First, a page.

When the market is riding high, people tend to want to buy more, increase their risk profile, and generally mistake a short-term fluctuation for having a “hot hand.” And when it goes down? SELL SELL SELL! Sure, it's technically possible to time the market perfectly — get out on the way down and come back in on the way up. But chances are you won’t. People who try to time the market eventually realise that market movements are truly impossible to predict.
There’s actually a psychological term for people like this who believe they can recognise a pattern where there is none — it’s called apophenia. As Warren Buffett says: “Why scrap an informed decision because of an uninformed guess?” Don't panic because you think you'll know what's going to happen next week — stay in because you know what’s going to happen in the long term.
Downturns are Healthy for Long-term Investors. Markets correct themselves over the long term — to reflect changes in the economy, changes in the fortunes of certain companies or sectors. And that's important. And when markets pull back, it provides opportunities for long-term investors to buy shares in robust companies and a less expensive price.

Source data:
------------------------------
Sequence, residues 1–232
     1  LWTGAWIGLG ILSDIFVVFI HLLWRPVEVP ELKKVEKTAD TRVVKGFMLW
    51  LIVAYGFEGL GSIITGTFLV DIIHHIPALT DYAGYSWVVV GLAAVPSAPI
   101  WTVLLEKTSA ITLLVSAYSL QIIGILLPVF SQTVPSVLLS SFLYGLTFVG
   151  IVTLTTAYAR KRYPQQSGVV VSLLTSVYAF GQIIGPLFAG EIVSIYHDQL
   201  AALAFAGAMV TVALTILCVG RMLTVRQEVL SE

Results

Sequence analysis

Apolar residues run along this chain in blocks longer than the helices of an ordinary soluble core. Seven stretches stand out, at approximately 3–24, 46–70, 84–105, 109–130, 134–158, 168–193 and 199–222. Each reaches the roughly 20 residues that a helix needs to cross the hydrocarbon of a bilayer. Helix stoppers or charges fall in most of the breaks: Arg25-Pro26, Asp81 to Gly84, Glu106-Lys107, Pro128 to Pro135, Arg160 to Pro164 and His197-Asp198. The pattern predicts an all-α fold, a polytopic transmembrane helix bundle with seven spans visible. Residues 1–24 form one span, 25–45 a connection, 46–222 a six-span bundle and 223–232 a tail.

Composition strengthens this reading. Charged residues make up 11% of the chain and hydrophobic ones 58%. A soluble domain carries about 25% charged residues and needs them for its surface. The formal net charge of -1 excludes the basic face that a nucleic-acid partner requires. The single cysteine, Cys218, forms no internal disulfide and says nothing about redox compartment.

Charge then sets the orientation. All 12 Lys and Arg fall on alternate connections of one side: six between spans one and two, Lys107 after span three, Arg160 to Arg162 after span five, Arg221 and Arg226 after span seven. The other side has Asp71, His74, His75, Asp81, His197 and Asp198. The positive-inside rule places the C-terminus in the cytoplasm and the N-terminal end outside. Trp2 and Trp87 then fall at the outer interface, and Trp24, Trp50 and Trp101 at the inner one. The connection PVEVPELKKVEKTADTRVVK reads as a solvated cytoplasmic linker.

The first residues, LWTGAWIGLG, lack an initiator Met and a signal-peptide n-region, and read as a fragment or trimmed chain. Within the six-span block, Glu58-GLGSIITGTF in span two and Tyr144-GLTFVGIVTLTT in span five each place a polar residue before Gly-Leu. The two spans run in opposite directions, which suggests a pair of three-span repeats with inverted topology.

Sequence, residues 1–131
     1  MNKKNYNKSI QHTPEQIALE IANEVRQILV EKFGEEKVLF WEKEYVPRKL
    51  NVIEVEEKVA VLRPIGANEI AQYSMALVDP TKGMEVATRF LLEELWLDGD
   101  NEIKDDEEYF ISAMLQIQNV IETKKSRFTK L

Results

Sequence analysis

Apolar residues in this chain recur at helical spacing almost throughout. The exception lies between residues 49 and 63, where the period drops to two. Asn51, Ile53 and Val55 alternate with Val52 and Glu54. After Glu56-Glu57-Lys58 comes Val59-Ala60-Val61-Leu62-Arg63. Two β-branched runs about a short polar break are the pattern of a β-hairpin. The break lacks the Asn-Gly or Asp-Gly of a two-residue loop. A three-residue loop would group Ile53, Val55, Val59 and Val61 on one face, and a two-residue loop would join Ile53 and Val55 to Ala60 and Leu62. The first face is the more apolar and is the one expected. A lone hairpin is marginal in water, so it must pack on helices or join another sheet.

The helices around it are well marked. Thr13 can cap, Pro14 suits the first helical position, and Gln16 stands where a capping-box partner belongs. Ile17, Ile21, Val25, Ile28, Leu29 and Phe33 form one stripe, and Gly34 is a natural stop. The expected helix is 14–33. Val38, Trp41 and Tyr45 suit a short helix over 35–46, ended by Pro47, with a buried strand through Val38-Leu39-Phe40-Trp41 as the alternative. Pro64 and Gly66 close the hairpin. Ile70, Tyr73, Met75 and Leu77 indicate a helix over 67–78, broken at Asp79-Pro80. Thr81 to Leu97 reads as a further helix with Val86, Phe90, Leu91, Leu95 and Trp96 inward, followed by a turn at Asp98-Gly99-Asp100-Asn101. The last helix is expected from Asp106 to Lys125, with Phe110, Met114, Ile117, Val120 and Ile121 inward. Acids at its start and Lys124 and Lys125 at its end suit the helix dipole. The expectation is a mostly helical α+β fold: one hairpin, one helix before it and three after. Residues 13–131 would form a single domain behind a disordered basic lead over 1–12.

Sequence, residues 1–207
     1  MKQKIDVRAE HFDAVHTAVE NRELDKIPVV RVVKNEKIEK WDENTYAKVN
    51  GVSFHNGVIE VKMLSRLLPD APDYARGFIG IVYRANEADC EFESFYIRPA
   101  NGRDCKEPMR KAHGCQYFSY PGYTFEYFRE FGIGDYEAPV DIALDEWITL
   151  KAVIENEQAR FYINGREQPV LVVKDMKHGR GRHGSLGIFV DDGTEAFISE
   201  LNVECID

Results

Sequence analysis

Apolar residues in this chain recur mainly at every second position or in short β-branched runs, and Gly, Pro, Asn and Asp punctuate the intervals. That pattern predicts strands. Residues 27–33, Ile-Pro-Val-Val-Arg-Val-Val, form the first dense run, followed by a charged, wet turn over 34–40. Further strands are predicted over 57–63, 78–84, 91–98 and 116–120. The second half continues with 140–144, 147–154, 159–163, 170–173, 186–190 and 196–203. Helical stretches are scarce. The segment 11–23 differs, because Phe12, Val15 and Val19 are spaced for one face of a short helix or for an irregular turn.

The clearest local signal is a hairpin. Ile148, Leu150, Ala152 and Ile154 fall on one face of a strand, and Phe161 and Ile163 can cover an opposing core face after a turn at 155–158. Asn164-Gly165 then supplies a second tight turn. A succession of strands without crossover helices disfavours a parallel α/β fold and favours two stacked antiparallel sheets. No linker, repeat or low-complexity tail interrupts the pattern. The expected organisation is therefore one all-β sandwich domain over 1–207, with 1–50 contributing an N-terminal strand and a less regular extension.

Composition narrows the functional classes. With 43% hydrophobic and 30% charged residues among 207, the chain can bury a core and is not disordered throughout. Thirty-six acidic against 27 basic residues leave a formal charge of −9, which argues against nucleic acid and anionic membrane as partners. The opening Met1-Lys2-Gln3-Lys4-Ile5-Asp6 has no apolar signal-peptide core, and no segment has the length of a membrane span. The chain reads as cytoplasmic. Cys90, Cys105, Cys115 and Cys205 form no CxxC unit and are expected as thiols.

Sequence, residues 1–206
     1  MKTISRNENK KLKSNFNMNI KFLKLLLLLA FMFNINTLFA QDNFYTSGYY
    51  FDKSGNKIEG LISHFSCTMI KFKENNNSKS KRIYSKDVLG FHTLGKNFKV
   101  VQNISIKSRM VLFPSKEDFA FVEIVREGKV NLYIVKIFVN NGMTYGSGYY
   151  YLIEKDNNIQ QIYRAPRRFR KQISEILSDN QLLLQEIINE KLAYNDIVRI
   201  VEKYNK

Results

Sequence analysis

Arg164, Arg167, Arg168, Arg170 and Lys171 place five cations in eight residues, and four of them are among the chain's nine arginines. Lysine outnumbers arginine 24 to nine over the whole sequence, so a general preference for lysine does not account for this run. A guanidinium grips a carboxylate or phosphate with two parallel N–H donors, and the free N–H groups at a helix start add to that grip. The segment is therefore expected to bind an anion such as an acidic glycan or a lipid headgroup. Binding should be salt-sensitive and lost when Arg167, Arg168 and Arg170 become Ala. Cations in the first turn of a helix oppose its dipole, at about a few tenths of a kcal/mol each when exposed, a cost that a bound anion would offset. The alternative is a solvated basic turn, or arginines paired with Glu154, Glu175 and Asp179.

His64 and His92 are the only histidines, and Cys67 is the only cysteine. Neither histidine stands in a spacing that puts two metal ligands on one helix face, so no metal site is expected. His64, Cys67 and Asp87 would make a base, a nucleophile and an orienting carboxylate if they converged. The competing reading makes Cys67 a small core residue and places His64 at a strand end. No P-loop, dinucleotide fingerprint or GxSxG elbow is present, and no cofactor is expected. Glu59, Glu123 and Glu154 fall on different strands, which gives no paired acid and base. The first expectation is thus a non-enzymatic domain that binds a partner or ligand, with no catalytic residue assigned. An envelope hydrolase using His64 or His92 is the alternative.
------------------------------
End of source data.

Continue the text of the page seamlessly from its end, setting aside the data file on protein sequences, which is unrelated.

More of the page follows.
You can buy more stuff when it's less expensive. Buffett again, this time with the Hamburger Rule:
“Should you hope for a higher or lower stock market during that period? Many investors get this one wrong. Even though they are going to be net buyers of stocks for many years to come, they are elated when stock prices rise and depressed when they fall. In effect, they rejoice because prices have risen for the 'hamburgers' they will soon be buying. This reaction makes no sense. Only those who will be sellers of equities in the near future should be happy at seeing stocks rise. Prospective purchasers should much prefer sinking prices.”
—Warren Buffett in 1997 Shareholders letter
Buying stocks when they're on “sale” is smart; but you don't always know when that is. One of the smartest ways for long-term investors to put their money to work is to invest a portion of their income every month. That way you minimise the risk of buying everything at its peak. It's a strategy called dollar-cost averaging and one way to do that is to turn on auto deposits.
You'll also want to make sure to maintain the target balance of investments in your portfolio. When stock prices are up, you shift to other investments; when stocks are down and bonds are up, you should shift some money back to stocks — all to make sure that your investments are properly diversified. At Wealthsimple we automatically rebalance all portfolios to maintain the desired mix of passive funds. The perfect balance will help investors stay focused on their long-term goals, and hopefully get there a little faster.
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All investing should be considered long-term. While stock markets have typically trended upwards over the long term, your investments can go up and down, and you may get back less than you invest.